• Tami

How to Be a Mindful Eater Today

Updated: Dec 2, 2020



So, you have heard the buzz phrase “mindful eating” about a hundred times and you just want to know what the heck it is, how the heck you do it, and why you would invest your energy in it anyway. Will mindful eating make you lose weight? Will it help you feel empowered in your lifestyle choices? Will it fix a bad hair day? Very likely for the first two, probably not for the hair day- sorry.


Mindful eating is basically becoming aware of your food choices and the associated outcomes of those choices. It means that instead of plowing your way through the entire stash of Girl Scout Cookies you eat a few and appreciate that you only have them for a short time each year, it means that you enjoy the way the cookie tastes, crunches, makes you feel, and you only eat what you need to be satisfied. Mindful eating is also realizing that if you eat the entire box of cookies the pleasure of eating them will be short lived, and you might even have a belly ache. Mindful eating means seeing choices from all of the angles.


The Benefits


Some of the reason that mindful eating has become such a draw is that it gives you back the feeling of control. There are no diet plans, recipe swaps, or counting of anything. You decide what you eat and when.


Mindful eating allows for any types of foods, any eating patterns, and any special dietary restrictions. There are no special foods to buy, menus to plan, or calories to count. The only thing you need to do is pay attention.


It is possible to tap into your physiological reaction to food- a crash after too many carbs, an energy burst following a nourishing snack, or even an increase in blood pressure after a salty meal. Over time it is possible to identify when you are hungry and what you are hungry for. Imagine if you only ate foods that made you feel good and in the amounts that gave you energy and kept you in a good weight range.


It’s possible to take the science of nutrition and combine it with the philosophy of mindfulness. You can use the knowledge of how certain foods nourish and use that to identify triggers and hunger levels. For example, fiber containing foods can help you feel full whereas starchy foods tend to burn off quickly. You can use this information to plan meals that help you feel more full, thereby eating less overall. To learn more about macros and mindful eating check out my free mini course!


The Downside


Not everyone is cut out to be a mindful eater. There is a definitive lack of structure that is both scary and overwhelming to some. Since you are trying to learn how choices affect you, it seems counter intuitive at first to eat based on what you want. As a diet-prone culture we seek out the most complex and restrictive eating patterns, limiting whole categories of foods in favor of cutting a few calories to shed some pounds.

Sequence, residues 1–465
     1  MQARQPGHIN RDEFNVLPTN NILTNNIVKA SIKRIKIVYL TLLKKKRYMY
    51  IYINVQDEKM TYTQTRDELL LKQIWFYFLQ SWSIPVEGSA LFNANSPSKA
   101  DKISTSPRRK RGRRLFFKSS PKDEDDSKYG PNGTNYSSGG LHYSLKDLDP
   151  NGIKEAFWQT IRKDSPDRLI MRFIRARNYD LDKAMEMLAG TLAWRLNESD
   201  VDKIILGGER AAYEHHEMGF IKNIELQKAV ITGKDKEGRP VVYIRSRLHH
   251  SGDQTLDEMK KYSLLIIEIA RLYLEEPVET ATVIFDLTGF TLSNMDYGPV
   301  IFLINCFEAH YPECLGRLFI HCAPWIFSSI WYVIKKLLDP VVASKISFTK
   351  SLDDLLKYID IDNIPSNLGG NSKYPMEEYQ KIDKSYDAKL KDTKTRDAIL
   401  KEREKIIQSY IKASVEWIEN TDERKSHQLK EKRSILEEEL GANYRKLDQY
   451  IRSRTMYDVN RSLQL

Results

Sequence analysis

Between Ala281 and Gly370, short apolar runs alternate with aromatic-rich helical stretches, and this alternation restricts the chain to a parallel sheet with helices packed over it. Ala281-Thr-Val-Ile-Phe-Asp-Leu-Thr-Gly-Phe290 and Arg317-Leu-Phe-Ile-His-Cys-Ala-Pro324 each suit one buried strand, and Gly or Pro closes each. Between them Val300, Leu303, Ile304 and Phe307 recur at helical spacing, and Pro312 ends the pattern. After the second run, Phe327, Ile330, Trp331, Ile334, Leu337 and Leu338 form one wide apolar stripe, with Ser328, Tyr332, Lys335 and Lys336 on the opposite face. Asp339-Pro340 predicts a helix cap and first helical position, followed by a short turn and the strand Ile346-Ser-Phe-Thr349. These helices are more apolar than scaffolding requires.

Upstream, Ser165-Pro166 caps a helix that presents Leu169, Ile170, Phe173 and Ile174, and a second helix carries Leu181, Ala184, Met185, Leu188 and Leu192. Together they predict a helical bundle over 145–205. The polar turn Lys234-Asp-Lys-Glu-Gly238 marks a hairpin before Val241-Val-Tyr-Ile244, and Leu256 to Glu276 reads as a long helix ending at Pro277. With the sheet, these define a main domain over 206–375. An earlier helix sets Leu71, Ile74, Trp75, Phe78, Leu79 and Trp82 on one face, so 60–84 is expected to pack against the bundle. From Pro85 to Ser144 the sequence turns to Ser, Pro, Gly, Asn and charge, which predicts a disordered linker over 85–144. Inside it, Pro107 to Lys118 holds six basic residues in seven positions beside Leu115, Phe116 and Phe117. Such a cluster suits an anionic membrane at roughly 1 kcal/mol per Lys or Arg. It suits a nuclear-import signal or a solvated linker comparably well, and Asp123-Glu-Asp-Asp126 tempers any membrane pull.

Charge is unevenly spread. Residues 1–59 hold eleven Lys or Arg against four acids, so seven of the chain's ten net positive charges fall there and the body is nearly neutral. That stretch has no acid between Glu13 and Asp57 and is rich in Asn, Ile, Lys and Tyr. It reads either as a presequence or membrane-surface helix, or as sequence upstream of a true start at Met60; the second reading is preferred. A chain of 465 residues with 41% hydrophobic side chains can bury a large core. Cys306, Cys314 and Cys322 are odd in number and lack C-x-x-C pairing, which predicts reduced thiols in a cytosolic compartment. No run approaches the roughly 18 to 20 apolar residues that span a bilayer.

However, doesn’t it make more sense to honor those cravings and desires and trust that our bodies know what we need to thrive in life? Unfortunately, modern living doesn’t always support thriving and living a healthy life. We have fast food on every corner, and we live in places that are not always conducive to walking or daily activity. Cooking is a competitive sport and creating tasty food is the top prize. It’s not always easy to tell the difference between nutrition needs and food desires.


Become a Mindful Eater Today


Fortunately, you can train yourself in the art of awareness. Over time you can learn to tell the difference between eating for actual true hunger and eating as a reaction to a trigger. Here are three things that you can do right now to be a more mindful eater.


  1. Cultivate awareness- stop and breathe. This is your mindful eating superpower. Before you plow into your falafel take a few moments to pause and breathe. About 5-10 rounds of breath should do it. Close your eyes. Put down your fork and simply breathe long, deep breaths.

  2. Learn to identify hunger- eat when you are hungry, don’t eat when you aren’t. Sounds simple, but there are so many confounding factors at play here. A scheduled lunch hour that doesn’t match your actual hunger. Waking up late and running out the door to work without any breakfast. A commercial that just begs you to get that fast food. Learn to ask the question: Am I hungry?

  3. Forgive yourself for all the choices. Good or bad, let that sh*t go. Clearly there was a reason you made that choice, there is no reason to beat yourself up. Cultivating awareness helps you to make different choices later.


Keep in mind that even though you can begin t be a mindful eater today it takes time to make new habits. Take it slowly and go easy on yourself, before you know it you will be wondering why you waited so long to get started.



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